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The impact of education on health in China

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  • Xie, Shiqing
  • Mo, Taiping

Abstract

In this paper, we investigate the causal effect of education on health using an instrumental variable approach. The instruments we employ consist of two institutional changes in China that generated discontinuities in educational attainment among individuals. To ensure the validity of the instruments and obtain prudent conclusions, we adopt more restrictive identification tests than previous studies. The results indicate no causal impact of education on either perceived health or anthropometric health. With regard to the impact of education on male health behavior, namely smoking, we cannot provide conclusive results due to a violation of the exogeneity of our instruments. Nevertheless, we can confirm that education has no causal effect on female health behavior. To overcome the widely documented shortage of quasi-experimental identification, we also employ spouse's education as an alternative instrument to examine the causal effect of education. Identical results are obtained, with the exception that the impact of education on the reduction of overweight among women becomes significant. We conclude that this provides some evidence of a causal impact of education on health.

Suggested Citation

  • Xie, Shiqing & Mo, Taiping, 2014. "The impact of education on health in China," China Economic Review, Elsevier, vol. 29(C), pages 1-18.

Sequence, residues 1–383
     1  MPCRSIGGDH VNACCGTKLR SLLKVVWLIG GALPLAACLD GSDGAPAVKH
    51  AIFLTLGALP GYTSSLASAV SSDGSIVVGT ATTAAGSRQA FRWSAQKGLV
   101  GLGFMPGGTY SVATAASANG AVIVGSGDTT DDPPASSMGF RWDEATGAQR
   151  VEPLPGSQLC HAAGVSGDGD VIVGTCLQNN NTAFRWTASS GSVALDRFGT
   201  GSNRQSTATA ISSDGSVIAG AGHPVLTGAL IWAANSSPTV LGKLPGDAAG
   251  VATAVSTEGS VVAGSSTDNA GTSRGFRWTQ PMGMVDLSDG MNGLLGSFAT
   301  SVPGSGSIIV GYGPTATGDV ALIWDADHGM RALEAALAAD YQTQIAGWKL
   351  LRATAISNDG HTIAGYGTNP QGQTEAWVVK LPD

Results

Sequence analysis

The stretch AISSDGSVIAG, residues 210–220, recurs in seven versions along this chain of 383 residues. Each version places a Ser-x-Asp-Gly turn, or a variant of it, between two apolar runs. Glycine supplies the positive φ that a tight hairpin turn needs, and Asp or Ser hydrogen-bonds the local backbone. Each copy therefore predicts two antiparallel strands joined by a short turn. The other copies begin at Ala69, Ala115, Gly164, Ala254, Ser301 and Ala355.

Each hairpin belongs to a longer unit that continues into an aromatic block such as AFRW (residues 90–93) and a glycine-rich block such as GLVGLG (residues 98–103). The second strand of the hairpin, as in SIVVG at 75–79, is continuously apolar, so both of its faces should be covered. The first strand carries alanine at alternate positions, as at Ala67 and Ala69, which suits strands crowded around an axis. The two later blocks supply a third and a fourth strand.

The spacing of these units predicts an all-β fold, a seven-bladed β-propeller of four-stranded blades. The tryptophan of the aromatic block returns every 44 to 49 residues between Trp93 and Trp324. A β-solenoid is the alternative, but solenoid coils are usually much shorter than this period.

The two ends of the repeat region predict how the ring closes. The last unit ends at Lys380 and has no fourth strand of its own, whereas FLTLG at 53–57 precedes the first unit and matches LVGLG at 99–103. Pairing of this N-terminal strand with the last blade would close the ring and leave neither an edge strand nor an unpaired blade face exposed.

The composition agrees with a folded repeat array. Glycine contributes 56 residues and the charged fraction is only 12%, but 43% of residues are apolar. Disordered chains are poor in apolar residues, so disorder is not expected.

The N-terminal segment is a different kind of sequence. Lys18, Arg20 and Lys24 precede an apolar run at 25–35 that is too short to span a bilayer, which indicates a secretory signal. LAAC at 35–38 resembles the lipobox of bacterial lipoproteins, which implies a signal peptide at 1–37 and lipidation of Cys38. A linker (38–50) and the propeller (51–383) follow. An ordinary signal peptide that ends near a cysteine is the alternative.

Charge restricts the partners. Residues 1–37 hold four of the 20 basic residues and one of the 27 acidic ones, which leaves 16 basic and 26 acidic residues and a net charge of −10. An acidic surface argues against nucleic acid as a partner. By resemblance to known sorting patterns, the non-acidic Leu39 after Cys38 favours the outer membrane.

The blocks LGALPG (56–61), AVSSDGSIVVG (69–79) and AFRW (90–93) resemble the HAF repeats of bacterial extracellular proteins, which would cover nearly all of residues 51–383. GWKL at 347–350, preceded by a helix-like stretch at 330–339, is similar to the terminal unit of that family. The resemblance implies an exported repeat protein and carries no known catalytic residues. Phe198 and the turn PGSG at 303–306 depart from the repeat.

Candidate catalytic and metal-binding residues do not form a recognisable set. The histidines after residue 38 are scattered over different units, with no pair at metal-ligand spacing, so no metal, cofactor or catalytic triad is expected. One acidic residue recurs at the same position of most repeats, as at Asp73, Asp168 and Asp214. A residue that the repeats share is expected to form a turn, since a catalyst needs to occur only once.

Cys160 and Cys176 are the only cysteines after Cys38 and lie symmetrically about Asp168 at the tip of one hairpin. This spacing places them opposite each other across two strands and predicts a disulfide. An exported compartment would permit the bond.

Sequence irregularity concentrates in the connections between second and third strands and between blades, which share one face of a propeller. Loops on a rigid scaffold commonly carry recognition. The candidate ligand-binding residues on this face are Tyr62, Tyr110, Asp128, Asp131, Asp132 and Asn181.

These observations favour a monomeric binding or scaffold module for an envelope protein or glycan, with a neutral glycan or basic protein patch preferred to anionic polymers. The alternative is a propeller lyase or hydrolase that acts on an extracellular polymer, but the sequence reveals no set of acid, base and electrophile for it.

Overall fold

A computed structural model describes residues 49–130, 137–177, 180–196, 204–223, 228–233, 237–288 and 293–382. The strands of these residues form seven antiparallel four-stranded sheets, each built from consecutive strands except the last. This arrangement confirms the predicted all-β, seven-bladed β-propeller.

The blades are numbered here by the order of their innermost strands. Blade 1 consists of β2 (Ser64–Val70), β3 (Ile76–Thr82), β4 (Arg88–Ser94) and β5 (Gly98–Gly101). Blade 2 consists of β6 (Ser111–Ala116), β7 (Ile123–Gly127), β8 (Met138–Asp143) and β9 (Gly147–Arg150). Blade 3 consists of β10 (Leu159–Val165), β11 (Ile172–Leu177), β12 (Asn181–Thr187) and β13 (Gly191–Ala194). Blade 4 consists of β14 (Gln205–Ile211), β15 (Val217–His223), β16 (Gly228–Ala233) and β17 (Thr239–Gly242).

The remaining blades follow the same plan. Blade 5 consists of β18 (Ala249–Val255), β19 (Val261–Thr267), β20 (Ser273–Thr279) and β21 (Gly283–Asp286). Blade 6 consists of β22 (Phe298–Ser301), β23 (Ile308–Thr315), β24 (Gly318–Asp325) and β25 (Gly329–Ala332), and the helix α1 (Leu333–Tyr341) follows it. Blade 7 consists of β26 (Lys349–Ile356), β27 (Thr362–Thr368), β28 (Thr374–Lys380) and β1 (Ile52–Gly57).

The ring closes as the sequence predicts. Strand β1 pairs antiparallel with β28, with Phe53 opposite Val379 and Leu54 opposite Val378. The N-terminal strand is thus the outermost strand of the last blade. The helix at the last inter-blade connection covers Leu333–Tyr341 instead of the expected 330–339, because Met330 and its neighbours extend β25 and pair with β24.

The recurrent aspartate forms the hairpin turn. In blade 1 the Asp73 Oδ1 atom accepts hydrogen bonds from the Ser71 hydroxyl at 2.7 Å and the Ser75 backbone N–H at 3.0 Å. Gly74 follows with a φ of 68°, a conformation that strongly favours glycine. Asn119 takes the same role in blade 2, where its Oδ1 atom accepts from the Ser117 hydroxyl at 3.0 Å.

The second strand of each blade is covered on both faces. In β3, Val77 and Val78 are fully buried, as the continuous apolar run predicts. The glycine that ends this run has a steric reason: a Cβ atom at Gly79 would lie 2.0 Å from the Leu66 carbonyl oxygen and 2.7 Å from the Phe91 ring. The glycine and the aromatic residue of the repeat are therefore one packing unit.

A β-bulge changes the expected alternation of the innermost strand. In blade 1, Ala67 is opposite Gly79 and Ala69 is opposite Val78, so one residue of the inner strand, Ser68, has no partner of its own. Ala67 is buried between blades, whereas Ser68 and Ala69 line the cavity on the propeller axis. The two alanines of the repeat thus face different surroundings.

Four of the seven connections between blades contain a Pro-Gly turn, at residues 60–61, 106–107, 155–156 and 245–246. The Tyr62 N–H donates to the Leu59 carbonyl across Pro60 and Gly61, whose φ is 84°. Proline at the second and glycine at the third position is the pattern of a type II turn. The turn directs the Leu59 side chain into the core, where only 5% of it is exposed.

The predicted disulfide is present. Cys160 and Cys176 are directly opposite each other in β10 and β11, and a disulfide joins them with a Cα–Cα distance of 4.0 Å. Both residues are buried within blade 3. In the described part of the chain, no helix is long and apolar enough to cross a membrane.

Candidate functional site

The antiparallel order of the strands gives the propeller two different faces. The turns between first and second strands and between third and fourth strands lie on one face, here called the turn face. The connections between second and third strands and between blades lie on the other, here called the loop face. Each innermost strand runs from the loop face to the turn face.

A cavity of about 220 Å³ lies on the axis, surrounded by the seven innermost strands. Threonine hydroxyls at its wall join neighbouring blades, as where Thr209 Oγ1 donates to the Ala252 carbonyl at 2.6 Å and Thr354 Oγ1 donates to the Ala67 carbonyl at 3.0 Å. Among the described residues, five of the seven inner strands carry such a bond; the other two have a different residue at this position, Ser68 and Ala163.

• Handle: RePEc:eee:chieco:v:29:y:2014:i:c:p:1-18
    DOI: 10.1016/j.chieco.2013.12.003
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    References listed on IDEAS

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    Cited by:

    1. Nie, Peng & Otterbach, Steffen & Sousa-Poza, Alfonso, 2015. "Long work hours and health in China," China Economic Review, Elsevier, vol. 33(C), pages 212-229.
    2. La, Vincent, 2014. "Does Schooling Pay? Evidence from China," MPRA Paper 54578, University Library of Munich, Germany.
    3. Mustafa Özer & Jan Fidrmuc, 2017. "Male Education and Domestic Violence in Turkey: Evidence from a Natural Experiment," Working Paper series 17-23, Rimini Centre for Economic Analysis.
    4. Fan, Wen, 2016. "Turning point or selection? The effect of rustication on subsequent health for the Chinese Cultural Revolution cohort," Social Science & Medicine, Elsevier, vol. 157(C), pages 68-77.
    5. Castro Campos, Bente & Ren, Yanjun & Petrick, Martin, 2016. "The impact of education on income inequality between ethnic minorities and Han in China," China Economic Review, Elsevier, vol. 41(C), pages 253-267.

    More about this item

    Keywords

    Education; Health; Instrumental variable; Compulsory education law; Spouse's education;

    JEL classification:

    • I12 - Health, Education, and Welfare - - Health - - - Health Behavior
    • I20 - Health, Education, and Welfare - - Education - - - General

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